Search Results

You are looking at 1 - 10 of 45 items for

  • Author or Editor: Nader Sanai x
Clear All Modify Search
Free access

Michael A. Mooney and Nader Sanai

The contralateral interhemispheric approach has several advantages for approaching parasagittal lesions, including lesions involving or approaching the medial precentral gyrus. Supplementing the interhemispheric approach with asleep motor mapping is useful for confirming the location of the corticospinal tracts from the contralateral transfalcine corridor and identifying subcortical motor fibers at the deep aspect of the resection cavity. The authors describe the contralateral interhemispheric, transfalcine approach with asleep motor mapping to resect a parasagittal metastatic lesion involving the medial precentral gyrus.

The video can be found here: https://youtu.be/L-fJ6m5kOWs.

Full access

Nader Sanai and Mitchel S. Berger

Although a primary tenet of neurosurgical oncology is that survival can improve with greater tumor resection, this principle must be tempered by the potential for functional loss following a radical removal. Preoperative planning with functional and physiological imaging paradigms, combined with intraoperative strategies such as cortical and subcortical stimulation mapping, can effectively reduce the risks associated with operating in eloquent territory. In addition to identifying critical motor pathways, these techniques can be adapted to identify language function reliably. The authors review the technical nuances of intraoperative mapping for low- and high-grade gliomas, demonstrating their efficacy in optimizing resection even in patients with negative mapping data. Collectively, these surgical strategies represent the cornerstone for operating on gliomas in and around functional pathways.

Restricted access

Robert F. Spetzler and Nader Sanai

Object

Smaller operative exposures, endoscopic approaches, and minimally invasive neurosurgery have emerged as a dominant trend in the modern era. In keeping with this evolution, the authors have recently eliminated the use of fixed retractors, instead employing dynamic retraction, with the use of handheld instruments. In the present study, the authors report the results of applying this strategy to challenging vascular and skull base lesions.

Methods

This 6-month study prospectively analyzed the use of retractorless surgery in a consecutive series of 223 patients with intracranial vascular or skull base lesions undergoing craniotomy. A single surgeon performed all operations.

Results

The microsurgical approaches (in descending order of frequency) included an orbitozygomatic craniotomy (77 patients [35%]), frontal (36 patients [16%]), retrosigmoid (27 patients [12%]), interhemispheric (16 patients [7%]), and lateral supracerebellar (15 patients [7%]). The most common lesions were aneurysms (83 lesions overall [37%]), 18 of which required a bypass. Of 159 vascular lesions, there were also 46 cavernous malformations (29%). Meningiomas were the most common skull base tumors (37 cases [58%]). Of the 223 patients, 7 cases of various vascular and skull base lesions required fixed retraction. Therefore, 97% of the cases were successfully treated without a self-retaining retractor system.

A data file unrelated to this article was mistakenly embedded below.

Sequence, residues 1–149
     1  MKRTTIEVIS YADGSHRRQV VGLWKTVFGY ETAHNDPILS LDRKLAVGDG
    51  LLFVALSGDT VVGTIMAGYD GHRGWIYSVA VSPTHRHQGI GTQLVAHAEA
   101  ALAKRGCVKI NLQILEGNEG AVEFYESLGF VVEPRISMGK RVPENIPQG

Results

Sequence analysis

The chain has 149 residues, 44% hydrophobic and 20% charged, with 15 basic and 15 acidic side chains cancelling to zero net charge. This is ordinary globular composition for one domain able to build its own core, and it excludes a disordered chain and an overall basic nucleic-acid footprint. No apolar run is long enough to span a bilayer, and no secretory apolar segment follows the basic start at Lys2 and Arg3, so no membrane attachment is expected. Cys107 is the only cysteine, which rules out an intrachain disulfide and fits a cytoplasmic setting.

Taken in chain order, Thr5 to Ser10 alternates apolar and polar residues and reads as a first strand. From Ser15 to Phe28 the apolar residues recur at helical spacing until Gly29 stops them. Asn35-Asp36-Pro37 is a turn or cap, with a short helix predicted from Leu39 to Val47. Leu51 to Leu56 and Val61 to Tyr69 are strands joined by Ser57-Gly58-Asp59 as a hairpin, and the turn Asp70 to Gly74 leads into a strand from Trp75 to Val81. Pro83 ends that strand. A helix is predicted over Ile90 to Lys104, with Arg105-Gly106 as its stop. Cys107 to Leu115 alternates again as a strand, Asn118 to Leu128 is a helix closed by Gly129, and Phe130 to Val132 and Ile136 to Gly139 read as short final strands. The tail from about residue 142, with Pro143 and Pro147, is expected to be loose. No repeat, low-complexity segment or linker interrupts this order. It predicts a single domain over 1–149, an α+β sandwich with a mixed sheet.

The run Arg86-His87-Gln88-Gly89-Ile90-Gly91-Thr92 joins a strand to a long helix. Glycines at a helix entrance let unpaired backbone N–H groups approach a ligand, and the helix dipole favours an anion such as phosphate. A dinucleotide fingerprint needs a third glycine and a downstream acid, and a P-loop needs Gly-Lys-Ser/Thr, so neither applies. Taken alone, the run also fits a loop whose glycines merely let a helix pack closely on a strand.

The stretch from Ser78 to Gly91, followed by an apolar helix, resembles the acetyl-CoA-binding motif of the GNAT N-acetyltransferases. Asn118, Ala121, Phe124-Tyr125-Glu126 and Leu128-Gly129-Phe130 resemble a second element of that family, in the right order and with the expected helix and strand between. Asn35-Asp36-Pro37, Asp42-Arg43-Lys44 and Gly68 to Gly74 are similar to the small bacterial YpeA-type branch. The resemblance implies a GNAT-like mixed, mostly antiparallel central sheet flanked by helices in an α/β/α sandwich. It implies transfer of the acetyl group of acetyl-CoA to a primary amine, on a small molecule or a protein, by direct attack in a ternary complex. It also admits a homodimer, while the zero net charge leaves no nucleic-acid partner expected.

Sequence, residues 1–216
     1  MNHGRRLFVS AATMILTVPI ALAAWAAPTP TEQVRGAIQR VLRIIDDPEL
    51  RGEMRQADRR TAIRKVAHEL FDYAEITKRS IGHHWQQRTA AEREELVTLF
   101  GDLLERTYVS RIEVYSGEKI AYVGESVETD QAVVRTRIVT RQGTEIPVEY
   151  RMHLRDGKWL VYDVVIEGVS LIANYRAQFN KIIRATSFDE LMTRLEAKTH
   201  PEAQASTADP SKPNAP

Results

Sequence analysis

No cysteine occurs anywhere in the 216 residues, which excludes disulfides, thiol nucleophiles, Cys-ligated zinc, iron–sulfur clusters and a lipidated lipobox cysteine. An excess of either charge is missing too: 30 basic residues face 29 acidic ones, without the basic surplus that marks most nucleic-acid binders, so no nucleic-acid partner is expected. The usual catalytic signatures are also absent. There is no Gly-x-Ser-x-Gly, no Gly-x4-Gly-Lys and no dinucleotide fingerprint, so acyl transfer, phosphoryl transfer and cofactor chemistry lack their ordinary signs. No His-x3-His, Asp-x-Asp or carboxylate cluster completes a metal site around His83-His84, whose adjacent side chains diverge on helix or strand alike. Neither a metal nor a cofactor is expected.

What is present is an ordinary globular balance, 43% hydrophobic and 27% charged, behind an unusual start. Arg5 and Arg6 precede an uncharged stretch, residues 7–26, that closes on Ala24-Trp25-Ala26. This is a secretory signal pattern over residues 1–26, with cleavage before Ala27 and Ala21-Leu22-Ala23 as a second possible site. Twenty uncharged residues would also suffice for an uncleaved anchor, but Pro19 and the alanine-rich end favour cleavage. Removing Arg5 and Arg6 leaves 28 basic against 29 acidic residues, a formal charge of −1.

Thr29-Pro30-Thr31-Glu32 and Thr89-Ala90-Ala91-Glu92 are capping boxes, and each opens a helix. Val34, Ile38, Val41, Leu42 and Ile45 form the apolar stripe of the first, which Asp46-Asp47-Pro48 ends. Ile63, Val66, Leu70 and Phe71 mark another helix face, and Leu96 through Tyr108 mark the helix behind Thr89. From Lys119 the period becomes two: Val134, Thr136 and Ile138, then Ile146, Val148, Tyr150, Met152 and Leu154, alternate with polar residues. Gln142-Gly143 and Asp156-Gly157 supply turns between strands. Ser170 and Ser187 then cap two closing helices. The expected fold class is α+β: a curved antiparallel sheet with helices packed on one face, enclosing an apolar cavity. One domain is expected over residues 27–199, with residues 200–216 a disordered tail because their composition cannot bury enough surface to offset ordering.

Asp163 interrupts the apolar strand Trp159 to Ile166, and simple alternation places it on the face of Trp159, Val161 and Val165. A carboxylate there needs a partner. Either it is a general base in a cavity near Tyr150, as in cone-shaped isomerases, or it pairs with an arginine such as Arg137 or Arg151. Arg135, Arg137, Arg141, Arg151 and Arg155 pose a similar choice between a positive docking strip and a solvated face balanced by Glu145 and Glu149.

Conclusions

Fixed retraction can be supplanted by dynamic retraction with surgical instruments, limiting the risk of retractor-induced tissue edema and injury. This quiet revolution has precipitated a major change in surgical techniques. Extensive dissection of arachnoidal planes, careful placement of the handheld suction device, patient positioning that enhances gravity retraction, the refinement of microsurgical instrumentation, and appropriate selection of the operative corridor all serve to obviate the need for fixed retraction in most intracranial procedures. Retractorless neurosurgery is an achievable goal, even when complex lesions of the vasculature and skull base are being treated.

Restricted access

Nader Sanai and Michael W. McDermott

Object

Resecting large meningiomas along the posterior fossa convexity or cerebellopontine angle (CPA) through a suboccipital approach can be challenging. Limitations include a restricted angle of view, high venous pressures, and suboptimal brain relaxation. While a far-lateral craniotomy is a viable alternative, the risks associated with condylar resection are undesirable.

Methods

The authors retrospectively evaluated a modified far-lateral approach in a consecutive series of 12 patients with large or giant posterior fossa convexity and CPA meningiomas. This approach incorporates transverse-sigmoid sinus exposure and C-1 laminectomy, but there is no condylar resection.

Results